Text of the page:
Manslaughter charges on Sanofi over epilepsy drug Depakine
Depakine is prescribed in more than 100 countries
Sanofi Aventis France has been placed under formal investigation on charges of manslaughter over Depakine, an epilepsy drug that caused birth malfunctions and slow neurological development when taken during pregnancy.
The company denied the charges and is challenging the merits of the investigation, it said in a written statement to Reuters.
“All these elements do not in any way prejudge the responsibility of the company,” Sanofi Aventis France said.
The company said it had respected all its obligations regarding the information provided on Depakine.
In France, being put under formal investigation means that a dedicated investigative judge considers the case is serious enough to warrant an investigation.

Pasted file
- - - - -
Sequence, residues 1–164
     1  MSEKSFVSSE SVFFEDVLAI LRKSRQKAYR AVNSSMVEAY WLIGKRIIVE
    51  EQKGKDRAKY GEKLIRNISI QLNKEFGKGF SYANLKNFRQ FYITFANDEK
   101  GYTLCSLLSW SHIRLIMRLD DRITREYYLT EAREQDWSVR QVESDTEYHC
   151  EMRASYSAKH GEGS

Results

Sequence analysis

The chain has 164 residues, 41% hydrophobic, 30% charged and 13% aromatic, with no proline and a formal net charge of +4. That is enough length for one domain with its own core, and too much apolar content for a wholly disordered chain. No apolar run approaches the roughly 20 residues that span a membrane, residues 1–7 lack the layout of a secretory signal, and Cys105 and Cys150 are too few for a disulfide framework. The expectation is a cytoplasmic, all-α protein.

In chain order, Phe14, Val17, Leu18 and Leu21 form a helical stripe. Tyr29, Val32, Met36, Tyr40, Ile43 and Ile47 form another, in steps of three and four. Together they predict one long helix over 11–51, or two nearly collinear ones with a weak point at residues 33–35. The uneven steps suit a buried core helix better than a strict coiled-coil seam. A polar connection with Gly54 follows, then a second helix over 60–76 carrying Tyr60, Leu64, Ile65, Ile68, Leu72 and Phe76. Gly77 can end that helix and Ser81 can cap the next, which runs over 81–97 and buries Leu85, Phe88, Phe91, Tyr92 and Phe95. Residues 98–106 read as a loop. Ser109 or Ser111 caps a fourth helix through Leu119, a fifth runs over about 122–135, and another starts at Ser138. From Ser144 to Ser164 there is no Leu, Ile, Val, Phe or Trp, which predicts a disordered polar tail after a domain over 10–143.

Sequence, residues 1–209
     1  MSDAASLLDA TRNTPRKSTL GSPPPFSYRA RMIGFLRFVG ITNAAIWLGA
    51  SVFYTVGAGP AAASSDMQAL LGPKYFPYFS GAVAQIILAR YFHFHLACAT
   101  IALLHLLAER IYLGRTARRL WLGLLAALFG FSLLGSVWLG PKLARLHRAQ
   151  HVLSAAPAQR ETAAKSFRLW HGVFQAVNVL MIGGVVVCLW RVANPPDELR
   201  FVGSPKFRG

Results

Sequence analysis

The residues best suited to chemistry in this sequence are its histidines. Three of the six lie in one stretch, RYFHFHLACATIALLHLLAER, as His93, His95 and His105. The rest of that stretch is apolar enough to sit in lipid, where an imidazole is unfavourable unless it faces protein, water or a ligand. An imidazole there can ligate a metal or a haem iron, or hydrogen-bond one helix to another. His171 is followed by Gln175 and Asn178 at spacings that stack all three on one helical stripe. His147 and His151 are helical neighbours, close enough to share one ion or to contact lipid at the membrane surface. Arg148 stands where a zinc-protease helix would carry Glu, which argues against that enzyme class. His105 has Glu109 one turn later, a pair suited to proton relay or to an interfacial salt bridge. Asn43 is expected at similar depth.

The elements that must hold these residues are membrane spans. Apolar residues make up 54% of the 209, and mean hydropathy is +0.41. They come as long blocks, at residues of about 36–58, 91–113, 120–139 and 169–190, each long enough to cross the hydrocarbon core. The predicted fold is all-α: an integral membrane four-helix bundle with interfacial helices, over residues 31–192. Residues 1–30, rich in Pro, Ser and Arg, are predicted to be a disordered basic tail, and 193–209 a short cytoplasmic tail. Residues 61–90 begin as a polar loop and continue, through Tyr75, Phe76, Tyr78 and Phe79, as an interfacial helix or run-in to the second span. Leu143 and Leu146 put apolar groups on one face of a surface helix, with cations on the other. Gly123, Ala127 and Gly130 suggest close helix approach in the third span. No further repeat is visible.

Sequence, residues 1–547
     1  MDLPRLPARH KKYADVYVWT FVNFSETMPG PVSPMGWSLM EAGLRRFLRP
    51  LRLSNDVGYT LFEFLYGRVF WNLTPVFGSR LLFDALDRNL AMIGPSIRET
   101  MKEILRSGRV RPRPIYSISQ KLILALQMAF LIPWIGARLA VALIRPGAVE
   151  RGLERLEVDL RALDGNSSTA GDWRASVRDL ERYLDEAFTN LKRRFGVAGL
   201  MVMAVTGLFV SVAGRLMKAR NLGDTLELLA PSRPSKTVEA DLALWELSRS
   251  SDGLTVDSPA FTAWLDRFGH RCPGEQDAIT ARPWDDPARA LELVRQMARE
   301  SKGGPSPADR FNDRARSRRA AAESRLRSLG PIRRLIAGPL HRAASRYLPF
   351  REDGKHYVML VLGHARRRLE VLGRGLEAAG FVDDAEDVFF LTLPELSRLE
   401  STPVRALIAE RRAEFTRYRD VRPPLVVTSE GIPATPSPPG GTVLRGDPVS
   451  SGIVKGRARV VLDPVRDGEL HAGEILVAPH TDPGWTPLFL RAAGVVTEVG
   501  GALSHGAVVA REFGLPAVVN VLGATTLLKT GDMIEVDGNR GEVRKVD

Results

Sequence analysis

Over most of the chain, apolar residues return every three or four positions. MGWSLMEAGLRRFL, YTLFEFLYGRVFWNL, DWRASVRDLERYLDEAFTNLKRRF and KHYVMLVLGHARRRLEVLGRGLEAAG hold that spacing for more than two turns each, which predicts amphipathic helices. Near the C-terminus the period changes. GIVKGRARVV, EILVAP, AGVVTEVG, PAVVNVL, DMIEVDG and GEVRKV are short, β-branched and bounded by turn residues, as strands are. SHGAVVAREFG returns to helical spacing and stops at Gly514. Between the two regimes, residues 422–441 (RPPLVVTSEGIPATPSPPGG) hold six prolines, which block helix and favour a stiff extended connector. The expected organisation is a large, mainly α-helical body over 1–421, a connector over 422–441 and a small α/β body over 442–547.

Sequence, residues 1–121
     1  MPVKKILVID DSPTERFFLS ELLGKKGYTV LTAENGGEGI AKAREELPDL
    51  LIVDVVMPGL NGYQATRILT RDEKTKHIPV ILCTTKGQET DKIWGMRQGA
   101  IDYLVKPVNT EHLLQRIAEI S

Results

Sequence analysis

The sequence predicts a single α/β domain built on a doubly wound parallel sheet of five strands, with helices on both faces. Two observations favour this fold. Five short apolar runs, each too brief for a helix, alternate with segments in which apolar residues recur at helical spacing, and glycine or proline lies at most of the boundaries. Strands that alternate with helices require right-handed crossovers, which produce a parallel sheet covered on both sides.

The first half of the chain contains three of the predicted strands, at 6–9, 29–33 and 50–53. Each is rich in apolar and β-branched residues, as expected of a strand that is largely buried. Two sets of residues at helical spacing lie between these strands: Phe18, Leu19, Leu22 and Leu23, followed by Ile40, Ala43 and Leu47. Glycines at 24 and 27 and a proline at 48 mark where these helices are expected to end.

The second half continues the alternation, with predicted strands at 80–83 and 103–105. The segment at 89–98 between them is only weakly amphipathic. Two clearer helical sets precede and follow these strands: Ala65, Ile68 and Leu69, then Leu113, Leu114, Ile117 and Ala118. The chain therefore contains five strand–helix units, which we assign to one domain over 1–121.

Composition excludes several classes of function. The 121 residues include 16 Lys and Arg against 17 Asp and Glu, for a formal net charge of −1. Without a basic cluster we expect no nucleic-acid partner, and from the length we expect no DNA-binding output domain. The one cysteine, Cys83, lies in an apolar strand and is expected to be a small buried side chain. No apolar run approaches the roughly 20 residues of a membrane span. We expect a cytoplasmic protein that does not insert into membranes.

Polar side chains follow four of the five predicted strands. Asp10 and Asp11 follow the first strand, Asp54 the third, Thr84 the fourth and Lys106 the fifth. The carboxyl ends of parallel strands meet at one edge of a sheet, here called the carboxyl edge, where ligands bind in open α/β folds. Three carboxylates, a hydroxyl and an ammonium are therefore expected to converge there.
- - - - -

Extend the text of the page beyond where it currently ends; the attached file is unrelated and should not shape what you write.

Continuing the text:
Sanofi has repeatedly said it has no intention to compensate or take part in a state-backed compensation mechanism for Depakine.
Marine Martin, president of victims association APESAC, said on Twitter the new formal investigation was “a great victory” for the families she represents.
France’s social affairs inspection agency IGAS has estimated that between 2006 and 2014, 425 to 450 babies suffered congenital birth defects or were stillborn following exposure to Depakine.
Depakine, which lost its patent in 1998, is prescribed in more than 100 countries.
(With edits from EP News Bureau)